At around 10PM EST last night, WikiLeaks was no longer accessible at the wikileaks.org web address. That’s the end of that, right?
The site is still accessible through several alternate domain names (wikileaks.ch, wikileaks.dd19.de, wikileeks.org.uk, to name a few), all of which point to its machine-readable IP address: 188.8.131.52.
That’s one of the problems with shutting WikiLeaks down. Even though it’s possible to kill off human-friendly domain names like wikileaks.org, as long as the site is connected to the internet somewhere, somehow, it can be accessed via its numeric IP address.
The Domain Name System (DNS) provides a plain-English way for human beings to access the numeric IP address of a given website. It’s easier to remember “Techland.com” than it is to remember our IP address, so the Domain Name System is an important part of the internet.
What happened last night is that the California-based DNS company that had been routing web browser visits pointed at the wikileaks.org domain name to WikiLeaks’ actual IP address stopped providing routing services to the organization due to an overwhelming number of attempted attacks.
Such attacks are known as distributed denial of service (DDOS) attacks and while the methods are somewhat varied, most are comprised of automated software scripts that attempt to access files on a targeted website so frequently that the site’s servers get overloaded and shut down.
The DNS company that had been hosting the wikileaks.org domain name, EveryNDS.net, told the Guardian that it dropped WikiLeaks “to prevent its other 500,000 customers [from] being affected by the intense cyber attacks targeted at WikiLeaks.”
Within short order, several alternate, human-readable domain names sprung up to route traffic back to WikiLeaks. And while each domain name could theoretically be shut down one by one, the site would still be reachable at its IP address—inconvenient to remember, but not impossible to access.
In order for the WikiLeaks site to get killed completely, it’d have to be cut off at the source; the servers. The computers that contain the data for the WikiLeaks site now live in Switzerland, “a famously neutral country,” according to our own Tara Kelly.
Neutral though Switzerland may be, there’s no guarantee that the country will shelter WikiLeaks forever. So what would happen, in theory, if WikiLeaks’ servers moved endlessly from country to country until not a single country in the entire world would allow the site to operate? It’d be dead, right?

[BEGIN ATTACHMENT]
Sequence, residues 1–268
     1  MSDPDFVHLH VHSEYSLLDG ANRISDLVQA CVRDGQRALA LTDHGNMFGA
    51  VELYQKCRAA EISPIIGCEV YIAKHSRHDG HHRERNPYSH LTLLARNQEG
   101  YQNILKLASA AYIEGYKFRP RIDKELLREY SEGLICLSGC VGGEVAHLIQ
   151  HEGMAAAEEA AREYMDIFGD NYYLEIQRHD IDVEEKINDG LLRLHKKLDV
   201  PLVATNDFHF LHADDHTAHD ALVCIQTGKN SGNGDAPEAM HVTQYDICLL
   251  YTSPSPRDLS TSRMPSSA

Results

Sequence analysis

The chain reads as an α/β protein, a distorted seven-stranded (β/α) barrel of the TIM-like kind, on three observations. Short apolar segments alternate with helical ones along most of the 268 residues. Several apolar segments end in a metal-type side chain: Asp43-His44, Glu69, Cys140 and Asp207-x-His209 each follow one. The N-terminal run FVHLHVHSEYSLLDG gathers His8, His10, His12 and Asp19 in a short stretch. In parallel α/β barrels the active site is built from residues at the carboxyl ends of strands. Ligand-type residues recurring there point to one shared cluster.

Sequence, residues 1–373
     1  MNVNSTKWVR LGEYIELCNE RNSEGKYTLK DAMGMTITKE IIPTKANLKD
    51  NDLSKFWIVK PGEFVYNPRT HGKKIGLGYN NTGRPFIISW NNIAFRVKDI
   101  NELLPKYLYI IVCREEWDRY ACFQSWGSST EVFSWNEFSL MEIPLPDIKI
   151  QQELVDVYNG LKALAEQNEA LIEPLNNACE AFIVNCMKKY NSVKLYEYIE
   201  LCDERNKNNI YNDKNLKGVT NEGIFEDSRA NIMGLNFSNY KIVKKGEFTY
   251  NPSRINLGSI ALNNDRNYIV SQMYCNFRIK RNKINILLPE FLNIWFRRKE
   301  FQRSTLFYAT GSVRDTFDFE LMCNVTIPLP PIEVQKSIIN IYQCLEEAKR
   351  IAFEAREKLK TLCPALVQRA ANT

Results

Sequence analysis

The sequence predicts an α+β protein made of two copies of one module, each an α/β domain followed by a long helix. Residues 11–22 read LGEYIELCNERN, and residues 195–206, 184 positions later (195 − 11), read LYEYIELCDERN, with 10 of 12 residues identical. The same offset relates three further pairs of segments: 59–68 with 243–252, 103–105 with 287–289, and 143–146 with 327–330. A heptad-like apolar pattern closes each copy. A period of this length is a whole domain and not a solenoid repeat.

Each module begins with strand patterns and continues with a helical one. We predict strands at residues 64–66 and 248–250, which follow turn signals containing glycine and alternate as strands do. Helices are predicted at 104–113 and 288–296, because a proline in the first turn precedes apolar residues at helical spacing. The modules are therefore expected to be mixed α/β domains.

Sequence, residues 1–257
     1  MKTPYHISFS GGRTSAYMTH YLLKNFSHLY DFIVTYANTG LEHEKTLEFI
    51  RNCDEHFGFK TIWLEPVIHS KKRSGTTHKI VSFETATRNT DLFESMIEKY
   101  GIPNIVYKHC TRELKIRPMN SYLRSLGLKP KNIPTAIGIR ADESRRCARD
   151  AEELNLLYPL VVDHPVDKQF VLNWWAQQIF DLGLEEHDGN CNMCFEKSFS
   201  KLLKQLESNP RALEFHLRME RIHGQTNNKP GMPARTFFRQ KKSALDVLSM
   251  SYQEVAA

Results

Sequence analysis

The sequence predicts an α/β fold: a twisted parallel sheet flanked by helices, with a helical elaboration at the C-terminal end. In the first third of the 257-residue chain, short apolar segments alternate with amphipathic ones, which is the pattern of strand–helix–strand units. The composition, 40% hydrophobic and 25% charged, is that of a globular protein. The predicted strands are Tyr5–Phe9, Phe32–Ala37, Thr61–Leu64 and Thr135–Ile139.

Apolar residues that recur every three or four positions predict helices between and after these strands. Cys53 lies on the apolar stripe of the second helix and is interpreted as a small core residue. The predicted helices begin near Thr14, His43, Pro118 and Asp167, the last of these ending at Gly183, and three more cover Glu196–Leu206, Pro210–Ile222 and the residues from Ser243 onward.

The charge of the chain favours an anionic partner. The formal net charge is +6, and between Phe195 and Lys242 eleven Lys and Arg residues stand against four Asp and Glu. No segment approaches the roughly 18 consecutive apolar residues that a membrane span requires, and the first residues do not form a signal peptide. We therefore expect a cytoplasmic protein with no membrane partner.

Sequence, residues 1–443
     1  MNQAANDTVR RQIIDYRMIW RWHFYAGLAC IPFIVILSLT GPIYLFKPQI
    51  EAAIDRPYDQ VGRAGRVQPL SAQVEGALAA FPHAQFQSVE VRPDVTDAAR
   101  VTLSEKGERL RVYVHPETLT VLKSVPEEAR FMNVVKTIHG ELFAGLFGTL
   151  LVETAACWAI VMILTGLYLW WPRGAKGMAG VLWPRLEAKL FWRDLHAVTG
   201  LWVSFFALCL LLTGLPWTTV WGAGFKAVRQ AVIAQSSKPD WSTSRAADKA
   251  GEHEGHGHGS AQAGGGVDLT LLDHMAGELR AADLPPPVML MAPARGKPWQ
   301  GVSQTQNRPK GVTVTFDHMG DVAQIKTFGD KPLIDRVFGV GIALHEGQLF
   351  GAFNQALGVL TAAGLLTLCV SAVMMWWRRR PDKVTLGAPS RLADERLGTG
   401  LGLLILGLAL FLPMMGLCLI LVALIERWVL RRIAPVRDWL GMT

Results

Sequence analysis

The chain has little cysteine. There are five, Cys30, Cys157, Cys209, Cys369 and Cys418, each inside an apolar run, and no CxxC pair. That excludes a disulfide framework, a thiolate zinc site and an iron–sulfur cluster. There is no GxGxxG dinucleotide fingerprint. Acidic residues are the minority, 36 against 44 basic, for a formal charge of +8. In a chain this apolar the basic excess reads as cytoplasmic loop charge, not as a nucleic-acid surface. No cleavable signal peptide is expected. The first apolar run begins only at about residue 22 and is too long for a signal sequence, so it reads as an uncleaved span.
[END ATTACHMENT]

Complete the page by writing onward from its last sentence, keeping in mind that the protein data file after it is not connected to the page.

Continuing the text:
WikiLeaks could live on indefinitely not as a website, but as an organization that distributed its documents over decentralized peer-to-peer networks.
In such a network, there are no central servers to route traffic. Instead, individual computers are connected to one another by a single, small, easily-sharable file called a “tracker” that contains information pointing directly to every connected computer that’s sharing a copy of a particular document.
This is one of the reasons it’s been so hard to stop music and movie piracy—there’s nobody to go after except sites like The Pirate Bay, which don’t host any actual files except for the tiny tracker files that connect individual computers together so they can send documents, music, and video files back and forth between each other.
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It’s another reason why WikiLeaks founder Julian Assange uses Skype to communicate with people. Skype is a peer-to-peer telephony network that relies on decentralized connections between individual computers. There aren’t any centralized servers that can easily pinpoint his location.
Even if all the sites that hosted trackers got shut down, people could still send the tracker files around via e-mail, FTP, or any number of alternative means.
So while it’s theoretically possible to kill a website by systematically cutting off every avenue it has to connect its servers to the web, it’s exponentially more difficult—if not impossible—to shut down an organization that’s main goal is the widespread dissemination of documents.
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